The committee was chaired by two Republican lawmakers from Wake County, Rep. Paul Stam and his former staffer and now state senator, Chad Barefoot.
Campaign Finance Results for Committee: COMM TO ELECT CHAD BAREFOOT
First introduced by at least Chad Barefoot and Paul Stam
...the rewritten [other] bill “seemed to overhaul a wide range of nondiscrimination ordinances, housing regulations and workplace regulations that some cities and counties have adopted.” The new version also barred the establishment of a local minimum wage.
...Democrats used a procedural tactic to get the wildly amended [other] bill [with the discrimination etc... in it] sent to the Rules Committee. And there, in their last act of legislative sanity, Republicans joined Democrats in a 14-7 vote to keep the bill off the House floor.
Who were the seven yes votes?
...the Charlotte ordinance gained new life because of a city council reconfigured by Charlotte’s local election last fall.
...Someone in Gov. Pat McCrory’s political camp saw the ordinance coming back and saw an opportunity. McCrory should vigorously oppose it on the basis that it granted transgender women who were born male access to women’s bathrooms and raised a security threat to women and girls. That stand would help the former moderate Charlotte mayor gain strength with skeptical conservatives and evangelicals.
Meanwhile, McCrory’s strong opposition would put his Democratic opponent, Attorney General Roy Cooper, in a no-win situation. He could join McCrory in opposing the ordinance, but that would cost him liberal support. Or Cooper could support it and risk turning off moderates.
McCrory went all-in on the bathroom aspect even before the Charlotte ordinance passed. He joined a lawsuit in Virginia in which he sided with local officials who are fighting a federal lawsuit brought by the ACLU on behalf of a 16-year-old student. The lawsuit backed by the Obama administration seeks to allow transgender students to use the school bathroom that conforms to their gender identity. Cooper declined to get involved in the Virginia case. That prompted a Nov. 24 news release from Republican Senate leader Phil Berger headlined: “Shame on AG for putting politics above student safety.”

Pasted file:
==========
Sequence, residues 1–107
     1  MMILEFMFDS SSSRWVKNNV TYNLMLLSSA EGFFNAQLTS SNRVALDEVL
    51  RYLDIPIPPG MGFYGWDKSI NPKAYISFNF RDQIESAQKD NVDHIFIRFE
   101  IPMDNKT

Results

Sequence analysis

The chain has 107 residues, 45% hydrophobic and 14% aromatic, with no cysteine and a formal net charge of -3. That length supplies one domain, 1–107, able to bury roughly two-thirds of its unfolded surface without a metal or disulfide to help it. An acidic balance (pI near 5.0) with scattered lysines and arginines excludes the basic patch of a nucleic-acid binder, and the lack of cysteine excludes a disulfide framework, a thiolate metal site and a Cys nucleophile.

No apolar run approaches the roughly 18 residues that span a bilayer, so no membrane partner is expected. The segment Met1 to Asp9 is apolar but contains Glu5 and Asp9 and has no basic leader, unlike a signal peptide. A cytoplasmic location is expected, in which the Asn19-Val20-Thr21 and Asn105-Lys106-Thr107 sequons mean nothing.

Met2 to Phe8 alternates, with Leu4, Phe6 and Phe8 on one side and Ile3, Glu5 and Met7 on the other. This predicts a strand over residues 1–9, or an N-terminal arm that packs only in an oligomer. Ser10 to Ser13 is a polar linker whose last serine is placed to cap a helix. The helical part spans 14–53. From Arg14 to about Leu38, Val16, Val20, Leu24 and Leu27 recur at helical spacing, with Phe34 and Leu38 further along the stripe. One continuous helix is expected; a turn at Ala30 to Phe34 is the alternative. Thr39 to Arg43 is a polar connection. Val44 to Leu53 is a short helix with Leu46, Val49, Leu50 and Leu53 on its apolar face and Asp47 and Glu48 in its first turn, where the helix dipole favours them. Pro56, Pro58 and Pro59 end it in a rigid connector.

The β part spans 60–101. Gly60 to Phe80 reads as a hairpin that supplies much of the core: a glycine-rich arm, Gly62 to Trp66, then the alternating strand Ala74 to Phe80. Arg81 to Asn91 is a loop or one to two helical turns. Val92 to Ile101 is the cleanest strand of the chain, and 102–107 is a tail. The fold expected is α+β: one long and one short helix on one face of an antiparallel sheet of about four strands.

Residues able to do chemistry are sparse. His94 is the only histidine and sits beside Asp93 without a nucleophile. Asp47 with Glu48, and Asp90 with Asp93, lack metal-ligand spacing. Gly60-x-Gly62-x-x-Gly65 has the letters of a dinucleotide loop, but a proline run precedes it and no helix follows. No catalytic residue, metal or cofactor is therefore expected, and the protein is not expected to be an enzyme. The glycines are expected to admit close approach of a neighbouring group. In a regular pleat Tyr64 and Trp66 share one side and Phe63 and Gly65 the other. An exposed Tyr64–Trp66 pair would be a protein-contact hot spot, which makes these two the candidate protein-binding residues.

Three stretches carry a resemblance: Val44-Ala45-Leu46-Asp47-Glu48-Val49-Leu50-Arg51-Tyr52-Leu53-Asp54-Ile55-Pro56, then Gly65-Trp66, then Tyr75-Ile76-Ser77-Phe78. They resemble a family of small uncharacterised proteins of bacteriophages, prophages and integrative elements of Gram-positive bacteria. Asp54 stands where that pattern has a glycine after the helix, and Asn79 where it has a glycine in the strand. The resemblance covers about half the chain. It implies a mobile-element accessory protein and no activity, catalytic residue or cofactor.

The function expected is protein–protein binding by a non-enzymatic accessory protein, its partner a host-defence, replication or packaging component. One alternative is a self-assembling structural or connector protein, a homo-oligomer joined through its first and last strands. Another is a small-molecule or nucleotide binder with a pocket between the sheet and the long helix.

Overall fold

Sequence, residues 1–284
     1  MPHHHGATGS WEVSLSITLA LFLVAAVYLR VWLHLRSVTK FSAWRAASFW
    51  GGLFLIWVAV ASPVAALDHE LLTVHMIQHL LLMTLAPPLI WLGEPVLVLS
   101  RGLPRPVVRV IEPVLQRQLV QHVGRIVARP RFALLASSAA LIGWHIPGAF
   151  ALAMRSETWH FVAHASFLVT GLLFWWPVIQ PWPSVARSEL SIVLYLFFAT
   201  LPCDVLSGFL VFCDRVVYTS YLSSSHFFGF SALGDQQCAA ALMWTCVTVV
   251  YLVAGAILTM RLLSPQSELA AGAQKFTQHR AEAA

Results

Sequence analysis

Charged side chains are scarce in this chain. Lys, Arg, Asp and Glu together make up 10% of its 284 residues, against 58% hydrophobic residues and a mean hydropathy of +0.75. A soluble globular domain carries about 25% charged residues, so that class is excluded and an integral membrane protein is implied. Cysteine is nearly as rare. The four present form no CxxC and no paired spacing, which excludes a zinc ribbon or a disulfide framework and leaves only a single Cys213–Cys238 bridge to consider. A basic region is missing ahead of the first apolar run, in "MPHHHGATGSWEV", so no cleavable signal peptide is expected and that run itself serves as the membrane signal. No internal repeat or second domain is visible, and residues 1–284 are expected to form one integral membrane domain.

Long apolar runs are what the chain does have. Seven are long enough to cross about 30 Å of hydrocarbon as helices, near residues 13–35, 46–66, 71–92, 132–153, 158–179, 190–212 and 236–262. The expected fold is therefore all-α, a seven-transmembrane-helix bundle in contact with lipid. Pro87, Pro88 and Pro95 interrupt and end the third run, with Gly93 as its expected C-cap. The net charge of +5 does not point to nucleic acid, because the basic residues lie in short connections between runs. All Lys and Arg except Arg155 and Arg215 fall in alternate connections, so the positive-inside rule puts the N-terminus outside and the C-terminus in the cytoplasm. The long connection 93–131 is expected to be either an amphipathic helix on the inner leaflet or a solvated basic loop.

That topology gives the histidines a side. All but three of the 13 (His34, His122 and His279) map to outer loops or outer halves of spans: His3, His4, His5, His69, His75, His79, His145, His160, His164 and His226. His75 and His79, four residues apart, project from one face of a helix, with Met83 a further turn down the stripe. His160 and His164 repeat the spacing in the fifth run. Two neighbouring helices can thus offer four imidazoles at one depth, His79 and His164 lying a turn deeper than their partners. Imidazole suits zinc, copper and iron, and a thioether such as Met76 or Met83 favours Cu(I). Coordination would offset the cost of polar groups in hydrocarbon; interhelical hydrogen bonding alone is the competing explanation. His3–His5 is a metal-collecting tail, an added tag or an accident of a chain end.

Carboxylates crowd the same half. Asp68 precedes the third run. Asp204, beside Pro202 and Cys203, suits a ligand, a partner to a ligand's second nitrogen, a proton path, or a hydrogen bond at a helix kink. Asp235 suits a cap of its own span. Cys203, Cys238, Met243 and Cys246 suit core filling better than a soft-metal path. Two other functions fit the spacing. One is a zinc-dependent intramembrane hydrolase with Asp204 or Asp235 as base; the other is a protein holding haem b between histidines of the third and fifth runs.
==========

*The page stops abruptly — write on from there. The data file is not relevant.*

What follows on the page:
After Charlotte passed the ordinance with the transgender protection provision, the McCrory campaign began pressing Cooper to take a stand on it. Cooper eventually said that existing law covers any bathroom dangers and that he saw no need for a new law to block the ordinance.
...Those who thought they had backed Cooper into a corner didn’t realize that they were putting McCrory’s re-election chances into far greater jeopardy. In the haste and secrecy of the March special session, the get-Cooper bathroom gambit got combined with the Stam-Barefoot wish list [from the other failed bill]. The mixture was explosive. It blew up into a national story, chilled the state’s appeal to businesses, entertainers and tourists and has McCrory backpedaling while declaring no retreat.
Pat McCrory tried to use hate and corporate wishes to get reelected
to the detriment of North Carolina's work force protections
Phil Berger, Paul Stam, Chad Barefoot, Trudy Wade, John Faircloth,
Jon Hardister, John Blust, Roy Carroll, Marty Kotis and friends
were on board with the strategy of using hate and screwing poor, old etc... workers
to get themselves and Pat McCrory reelected
and Roy and Marty's employment costs to fall, thereby increasing their profits,
and Tony Wilkins is okay with it